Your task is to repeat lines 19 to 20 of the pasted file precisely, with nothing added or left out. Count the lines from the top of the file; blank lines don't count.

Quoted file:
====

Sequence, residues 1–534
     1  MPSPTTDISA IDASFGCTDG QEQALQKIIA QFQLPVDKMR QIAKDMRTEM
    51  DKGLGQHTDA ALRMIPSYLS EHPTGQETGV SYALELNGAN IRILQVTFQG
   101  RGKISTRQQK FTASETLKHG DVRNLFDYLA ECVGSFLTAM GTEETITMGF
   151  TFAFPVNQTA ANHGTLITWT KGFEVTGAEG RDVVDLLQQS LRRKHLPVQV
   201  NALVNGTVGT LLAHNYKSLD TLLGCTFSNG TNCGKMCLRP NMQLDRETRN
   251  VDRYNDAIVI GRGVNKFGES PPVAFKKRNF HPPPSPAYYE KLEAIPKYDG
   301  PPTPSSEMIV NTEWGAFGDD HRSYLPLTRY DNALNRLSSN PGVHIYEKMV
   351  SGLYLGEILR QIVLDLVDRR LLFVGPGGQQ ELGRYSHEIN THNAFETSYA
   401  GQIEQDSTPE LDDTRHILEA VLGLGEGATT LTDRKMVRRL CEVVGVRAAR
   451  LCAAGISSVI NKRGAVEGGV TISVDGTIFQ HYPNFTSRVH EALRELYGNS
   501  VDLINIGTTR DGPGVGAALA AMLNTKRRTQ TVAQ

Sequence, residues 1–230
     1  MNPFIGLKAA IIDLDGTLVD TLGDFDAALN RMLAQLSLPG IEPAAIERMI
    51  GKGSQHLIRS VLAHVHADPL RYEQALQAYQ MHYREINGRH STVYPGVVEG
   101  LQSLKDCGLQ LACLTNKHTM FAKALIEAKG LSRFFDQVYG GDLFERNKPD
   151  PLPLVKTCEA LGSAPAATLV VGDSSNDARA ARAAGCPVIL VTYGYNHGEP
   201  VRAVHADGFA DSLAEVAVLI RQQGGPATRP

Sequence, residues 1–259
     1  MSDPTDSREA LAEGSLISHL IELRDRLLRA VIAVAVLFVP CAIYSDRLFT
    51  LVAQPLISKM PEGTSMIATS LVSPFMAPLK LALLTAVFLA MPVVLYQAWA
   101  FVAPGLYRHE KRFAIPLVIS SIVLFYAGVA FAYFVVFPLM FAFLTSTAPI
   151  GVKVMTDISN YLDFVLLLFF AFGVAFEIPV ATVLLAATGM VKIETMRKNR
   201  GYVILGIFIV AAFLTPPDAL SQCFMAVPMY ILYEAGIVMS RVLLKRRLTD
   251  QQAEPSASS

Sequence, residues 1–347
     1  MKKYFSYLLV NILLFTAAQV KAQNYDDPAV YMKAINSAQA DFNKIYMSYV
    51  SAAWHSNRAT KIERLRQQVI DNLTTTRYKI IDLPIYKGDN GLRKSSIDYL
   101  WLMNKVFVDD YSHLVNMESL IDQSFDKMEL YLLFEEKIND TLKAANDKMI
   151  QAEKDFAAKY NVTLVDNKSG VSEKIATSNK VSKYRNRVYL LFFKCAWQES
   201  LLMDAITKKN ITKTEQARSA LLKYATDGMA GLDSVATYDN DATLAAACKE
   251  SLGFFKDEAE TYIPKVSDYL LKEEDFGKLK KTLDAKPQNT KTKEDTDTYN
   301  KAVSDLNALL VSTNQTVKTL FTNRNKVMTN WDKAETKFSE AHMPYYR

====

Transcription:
Sequence, residues 1–259
     1  MSDPTDSREA LAEGSLISHL IELRDRLLRA VIAVAVLFVP CAIYSDRLFT